How to Defrag a Mac Hard Drive
Mac OS X 10.2 and later versions have automatic processes that clean up fragmented files from the hard drive, but it can get to the point where you still need to defrag an older, slower-performing hard drive in your Mac. One of the simplest and most user-friendly methods is to use a trusted third-party defragmentation program.
<strong>Reasons to Defrag Your Mac Hard Drive</strong>
If your current Mac hard drive is more than 90 percent full, it’s a good idea to use some defragmention software. Downloading many large files, namely video files, can also further fragment your Mac hard drive over time. Note that Macs running operating systems older than Mac OS 10.2 aren’t compatible with most modern defrag software, so it may be a challenge to find one that will work with this type of system.
<strong>Using Software to Defragment</strong>
Before choosing and installing a defrag program for your Mac, make a current backup of all your important files. Also consider freeing up some hard drive space by moving non-essential files to an external USB hard drive or to your iCloud library. One of the most recommended programs to use to defrag your Mac is called iDefrag, which is available for $30. Once you’ve purchased and installed iDefrag or a similar program, open the utility and follow the instructions for defragging your Mac. Give the process plenty of time to complete, and be sure not to move your Mac anywhere until the defragging is finished. You’ll usually be prompted to restart your machine as well.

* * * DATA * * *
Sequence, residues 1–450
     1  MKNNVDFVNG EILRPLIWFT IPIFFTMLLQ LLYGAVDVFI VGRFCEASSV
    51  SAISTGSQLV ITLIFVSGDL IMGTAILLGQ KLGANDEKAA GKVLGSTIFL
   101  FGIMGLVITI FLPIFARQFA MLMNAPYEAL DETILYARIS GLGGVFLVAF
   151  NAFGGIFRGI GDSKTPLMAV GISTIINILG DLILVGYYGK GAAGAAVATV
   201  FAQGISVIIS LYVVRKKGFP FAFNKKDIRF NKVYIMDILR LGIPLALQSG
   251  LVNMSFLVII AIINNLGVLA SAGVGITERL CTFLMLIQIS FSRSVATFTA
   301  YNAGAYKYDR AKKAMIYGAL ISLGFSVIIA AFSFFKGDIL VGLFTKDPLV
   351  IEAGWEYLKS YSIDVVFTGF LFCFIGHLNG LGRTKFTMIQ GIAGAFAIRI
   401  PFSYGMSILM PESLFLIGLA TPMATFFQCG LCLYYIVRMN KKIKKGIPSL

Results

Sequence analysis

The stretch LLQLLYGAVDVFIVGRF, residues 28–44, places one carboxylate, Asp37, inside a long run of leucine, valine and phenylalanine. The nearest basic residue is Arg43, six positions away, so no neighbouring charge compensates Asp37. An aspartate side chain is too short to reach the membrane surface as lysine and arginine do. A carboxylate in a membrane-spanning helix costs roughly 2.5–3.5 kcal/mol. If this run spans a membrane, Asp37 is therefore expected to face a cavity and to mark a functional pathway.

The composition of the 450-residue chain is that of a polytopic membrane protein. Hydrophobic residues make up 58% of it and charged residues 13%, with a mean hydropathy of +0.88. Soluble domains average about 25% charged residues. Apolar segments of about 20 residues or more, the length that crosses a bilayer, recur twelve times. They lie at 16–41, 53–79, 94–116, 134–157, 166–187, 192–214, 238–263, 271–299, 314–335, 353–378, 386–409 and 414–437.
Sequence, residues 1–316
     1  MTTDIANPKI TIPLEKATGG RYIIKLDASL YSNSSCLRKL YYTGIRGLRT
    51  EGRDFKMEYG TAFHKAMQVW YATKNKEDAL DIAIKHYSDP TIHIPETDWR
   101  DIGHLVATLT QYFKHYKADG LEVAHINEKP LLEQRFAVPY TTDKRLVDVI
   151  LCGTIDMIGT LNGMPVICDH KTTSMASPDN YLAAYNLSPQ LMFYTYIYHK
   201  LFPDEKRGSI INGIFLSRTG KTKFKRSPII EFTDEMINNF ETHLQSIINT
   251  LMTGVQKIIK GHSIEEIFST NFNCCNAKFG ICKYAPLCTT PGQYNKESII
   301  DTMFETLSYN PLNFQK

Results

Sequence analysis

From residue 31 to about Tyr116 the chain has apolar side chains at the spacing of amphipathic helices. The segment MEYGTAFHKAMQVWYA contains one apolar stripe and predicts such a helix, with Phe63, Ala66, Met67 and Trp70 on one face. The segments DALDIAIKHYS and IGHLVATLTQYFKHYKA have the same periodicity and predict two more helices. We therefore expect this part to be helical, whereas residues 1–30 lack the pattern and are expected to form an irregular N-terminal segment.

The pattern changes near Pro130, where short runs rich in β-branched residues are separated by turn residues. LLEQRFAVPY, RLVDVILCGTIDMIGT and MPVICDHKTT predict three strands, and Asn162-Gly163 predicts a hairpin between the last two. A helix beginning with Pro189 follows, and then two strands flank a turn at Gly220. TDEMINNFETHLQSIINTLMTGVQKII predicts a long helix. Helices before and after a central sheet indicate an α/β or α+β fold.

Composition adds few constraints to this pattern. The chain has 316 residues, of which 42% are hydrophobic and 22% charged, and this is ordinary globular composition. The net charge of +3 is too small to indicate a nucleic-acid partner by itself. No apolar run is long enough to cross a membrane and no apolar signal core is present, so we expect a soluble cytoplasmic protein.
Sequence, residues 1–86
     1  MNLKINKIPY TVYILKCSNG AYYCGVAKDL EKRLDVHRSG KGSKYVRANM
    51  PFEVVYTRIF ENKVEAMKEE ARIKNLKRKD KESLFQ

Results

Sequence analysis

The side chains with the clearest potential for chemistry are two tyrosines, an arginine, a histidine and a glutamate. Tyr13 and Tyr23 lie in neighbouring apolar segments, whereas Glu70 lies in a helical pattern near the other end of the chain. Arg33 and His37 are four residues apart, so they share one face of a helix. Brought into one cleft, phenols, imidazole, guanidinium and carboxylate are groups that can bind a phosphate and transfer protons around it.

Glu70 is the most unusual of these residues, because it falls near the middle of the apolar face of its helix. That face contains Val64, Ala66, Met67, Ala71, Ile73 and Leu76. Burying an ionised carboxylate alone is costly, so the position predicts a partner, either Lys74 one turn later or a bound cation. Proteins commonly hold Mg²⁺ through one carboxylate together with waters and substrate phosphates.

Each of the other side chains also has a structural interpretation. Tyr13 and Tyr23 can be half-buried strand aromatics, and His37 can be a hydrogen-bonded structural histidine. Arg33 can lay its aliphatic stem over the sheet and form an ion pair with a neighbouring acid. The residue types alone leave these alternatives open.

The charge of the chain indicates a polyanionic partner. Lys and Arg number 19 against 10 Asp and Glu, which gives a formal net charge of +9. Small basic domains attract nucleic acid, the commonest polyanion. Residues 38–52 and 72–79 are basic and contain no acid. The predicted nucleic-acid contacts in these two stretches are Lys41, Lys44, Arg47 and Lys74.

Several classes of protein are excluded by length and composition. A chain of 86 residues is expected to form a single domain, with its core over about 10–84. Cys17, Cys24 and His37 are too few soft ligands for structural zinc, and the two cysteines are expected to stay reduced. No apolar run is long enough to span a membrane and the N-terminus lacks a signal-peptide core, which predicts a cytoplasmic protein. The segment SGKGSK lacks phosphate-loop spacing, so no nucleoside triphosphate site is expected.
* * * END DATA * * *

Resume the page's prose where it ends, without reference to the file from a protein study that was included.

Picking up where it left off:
<strong>An Alternate Defrag Method</strong>
If you have your iMac’s original install disc handy, you can also clean up a good deal of fragmented files by rebooting the system from the install disc. Insert the disc in your iMac and restart while holding down the “C” key on the keyboard. You’ll then be prompted to select your language from a list of options in the install disc’s window. After this step, select “Disk Utility” from the “Utilities” drop-down menu and run this tool to erase and reformat your Mac’s hard drive. Be sure you’ve backed up any files you want to keep onto an external hard drive or other backup location.